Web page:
The American Academy of Pediatrics has called for a ban on all tobacco advertising and limitations on alcohol ads preventing the exposure of these to children and adolescents.

The AAP made these recommendations in its new policy statement, "Children, Adolescents, Substance Abuse, and the Media," which was published in the October issue of Pediatrics.

According to the authors of the statement; despite the efforts of parents, schools and the federal government to get children and teenagers to say no to alcohol and drugs, there is more than $25 billion worth of cigarette, alcohol and prescription drug advertising getting them to say the opposite.

The group claims alcohol and tobacco pose the greatest danger to children because they are the first legal drugs they are exposed to.

The group noted that research has suggested a link between advertising and almost one-third of adolescent tobacco and alcohol use.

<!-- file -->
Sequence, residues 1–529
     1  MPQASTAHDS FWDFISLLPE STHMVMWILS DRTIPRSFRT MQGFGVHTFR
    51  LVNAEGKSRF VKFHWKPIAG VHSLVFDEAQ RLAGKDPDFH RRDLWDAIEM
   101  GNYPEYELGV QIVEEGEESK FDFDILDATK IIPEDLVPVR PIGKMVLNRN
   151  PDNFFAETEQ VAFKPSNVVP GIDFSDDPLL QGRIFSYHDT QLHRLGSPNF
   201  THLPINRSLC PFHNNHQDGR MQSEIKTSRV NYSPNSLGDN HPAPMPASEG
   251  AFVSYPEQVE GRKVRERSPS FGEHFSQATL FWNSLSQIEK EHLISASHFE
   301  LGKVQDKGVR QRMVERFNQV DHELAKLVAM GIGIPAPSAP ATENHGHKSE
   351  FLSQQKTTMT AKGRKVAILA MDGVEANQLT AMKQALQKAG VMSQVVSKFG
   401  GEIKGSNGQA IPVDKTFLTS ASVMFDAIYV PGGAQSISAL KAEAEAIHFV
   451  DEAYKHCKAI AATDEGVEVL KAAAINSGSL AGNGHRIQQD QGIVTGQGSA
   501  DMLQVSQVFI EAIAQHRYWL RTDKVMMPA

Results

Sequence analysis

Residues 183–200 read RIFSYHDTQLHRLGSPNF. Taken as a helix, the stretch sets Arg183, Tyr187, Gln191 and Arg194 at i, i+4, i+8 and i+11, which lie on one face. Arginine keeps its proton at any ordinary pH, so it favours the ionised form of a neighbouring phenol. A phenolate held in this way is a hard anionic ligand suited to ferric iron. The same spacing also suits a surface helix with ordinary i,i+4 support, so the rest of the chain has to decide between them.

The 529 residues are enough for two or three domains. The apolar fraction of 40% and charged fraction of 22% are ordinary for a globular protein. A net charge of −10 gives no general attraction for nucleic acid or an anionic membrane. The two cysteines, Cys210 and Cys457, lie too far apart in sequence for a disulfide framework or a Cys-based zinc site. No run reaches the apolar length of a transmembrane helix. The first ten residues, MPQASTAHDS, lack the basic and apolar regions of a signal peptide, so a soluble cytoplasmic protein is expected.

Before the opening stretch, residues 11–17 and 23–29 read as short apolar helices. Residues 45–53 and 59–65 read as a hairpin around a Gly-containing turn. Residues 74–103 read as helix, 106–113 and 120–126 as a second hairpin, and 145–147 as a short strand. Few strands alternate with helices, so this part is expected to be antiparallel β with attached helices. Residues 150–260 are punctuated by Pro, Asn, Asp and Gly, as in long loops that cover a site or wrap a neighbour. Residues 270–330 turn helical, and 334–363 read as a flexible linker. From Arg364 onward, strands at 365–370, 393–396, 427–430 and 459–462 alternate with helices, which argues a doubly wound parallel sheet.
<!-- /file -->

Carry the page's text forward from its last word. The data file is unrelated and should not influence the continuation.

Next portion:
More than 400,000 people die every year in the United States from smoking-related illnesses, according to the policy statement. More than 100,000 deaths can be attributed to excessive alcohol consumption.

The group is targeting advertising because advertising may be responsible for as much as 30 percent of alcohol and tobacco use, the authors say.

In addition to a ban in tobacco advertising the AAP would like to see an end to smoking scenes in movies and say any actor smoking in a movie should not be glamorized.

Teenage magazines contain almost 50% more advertisements for beer than magazines aimed at adults.